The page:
The answer is obvious: lie!

The New York Times editorial today about the attempted assassination yesterday in Alexandria is one of the most despicable acts of the newspaper since its Russia correspondent Walter Duranty  actively covered up Stalin's crimes in deliberately starving Ukraine.

In its editorial on the attempted mass murder of Republicans, the Times admits that James Hodgkinson was politically motivated:

The sniper, James Hodgkinson, who was killed by Capitol Police officers, was surely deranged, and his derangement had found its fuel in politics. Mr. Hodgkinson was a Bernie Sanders supporter and campaign volunteer virulently opposed to President Trump. He posted many anti-Trump messages on social media, including one in March that said "Time to Destroy Trump & Co."

Here it gets tricky for the Times, having endorsed showing the public (including that percentage of the public that is mentally unstable) a vivid theatrical enactment of the assassination of President Trump (reportedly causing raucous applause from the audience at the point of bloodiness).  Any unstable members of the audience might conclude that one could be a hero among the Smart Set by killing President Trump, or by extension Republicans with less protection than a constant Secret Service detail.  So the Times has been sponsoring showing the public that assassination is something to be celebrated – when the victim is the Republican president.  Its endorsement is explicit and conscious, because the Times refused to pull funding (unlike Delta Airlines and Bank of America) when the horrific implications of the onstage incitement were widely discussed.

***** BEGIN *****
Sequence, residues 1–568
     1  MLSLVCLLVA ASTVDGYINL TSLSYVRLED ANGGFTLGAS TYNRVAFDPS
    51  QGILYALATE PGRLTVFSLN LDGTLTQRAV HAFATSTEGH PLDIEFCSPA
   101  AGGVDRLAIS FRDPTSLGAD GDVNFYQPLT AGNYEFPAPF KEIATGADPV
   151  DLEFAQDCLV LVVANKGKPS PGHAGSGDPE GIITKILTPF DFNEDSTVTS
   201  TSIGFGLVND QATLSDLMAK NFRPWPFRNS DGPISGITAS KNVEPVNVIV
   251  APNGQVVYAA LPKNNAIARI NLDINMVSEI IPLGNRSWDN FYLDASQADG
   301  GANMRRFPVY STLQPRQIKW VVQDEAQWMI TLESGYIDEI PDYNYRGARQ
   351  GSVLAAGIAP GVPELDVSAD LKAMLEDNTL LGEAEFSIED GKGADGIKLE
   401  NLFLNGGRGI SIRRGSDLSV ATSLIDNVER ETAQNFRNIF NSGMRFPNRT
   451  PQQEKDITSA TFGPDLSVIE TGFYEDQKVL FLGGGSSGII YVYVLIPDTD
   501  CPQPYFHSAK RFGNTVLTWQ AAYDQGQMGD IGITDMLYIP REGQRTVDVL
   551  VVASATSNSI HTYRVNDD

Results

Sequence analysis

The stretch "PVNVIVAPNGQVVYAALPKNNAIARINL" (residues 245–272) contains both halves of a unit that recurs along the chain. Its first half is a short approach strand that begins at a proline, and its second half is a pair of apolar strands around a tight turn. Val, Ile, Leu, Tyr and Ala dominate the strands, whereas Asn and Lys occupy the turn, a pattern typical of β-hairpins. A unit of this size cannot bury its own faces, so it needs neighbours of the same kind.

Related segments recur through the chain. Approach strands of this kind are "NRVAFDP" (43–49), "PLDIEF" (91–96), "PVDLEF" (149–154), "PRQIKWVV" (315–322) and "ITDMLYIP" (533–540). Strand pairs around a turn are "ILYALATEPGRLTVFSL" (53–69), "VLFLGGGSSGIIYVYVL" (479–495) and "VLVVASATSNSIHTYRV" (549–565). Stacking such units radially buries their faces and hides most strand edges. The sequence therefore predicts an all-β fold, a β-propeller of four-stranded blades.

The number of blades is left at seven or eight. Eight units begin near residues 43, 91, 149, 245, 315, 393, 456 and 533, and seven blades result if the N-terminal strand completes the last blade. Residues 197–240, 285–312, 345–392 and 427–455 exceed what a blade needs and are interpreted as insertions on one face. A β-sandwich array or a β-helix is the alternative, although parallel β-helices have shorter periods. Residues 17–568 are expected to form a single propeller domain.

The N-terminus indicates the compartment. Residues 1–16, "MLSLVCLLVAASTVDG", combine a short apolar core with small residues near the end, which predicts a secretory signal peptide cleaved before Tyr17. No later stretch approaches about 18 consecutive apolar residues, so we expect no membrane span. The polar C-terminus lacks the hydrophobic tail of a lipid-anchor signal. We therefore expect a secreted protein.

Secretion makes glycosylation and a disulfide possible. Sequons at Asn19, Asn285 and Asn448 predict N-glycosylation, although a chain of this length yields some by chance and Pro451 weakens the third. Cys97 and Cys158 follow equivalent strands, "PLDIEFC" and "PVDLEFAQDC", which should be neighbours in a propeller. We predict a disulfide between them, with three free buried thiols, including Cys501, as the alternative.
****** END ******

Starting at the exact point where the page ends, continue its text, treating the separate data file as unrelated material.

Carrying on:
With such obvious culpability, the Times is forced to lie and claim that the problem is with the tone of politics, something for which both parties share responsibility, and the proof is that Jared Laughner was inspired by Sarah Palin to shoot Rep. Gabrielle Giffords: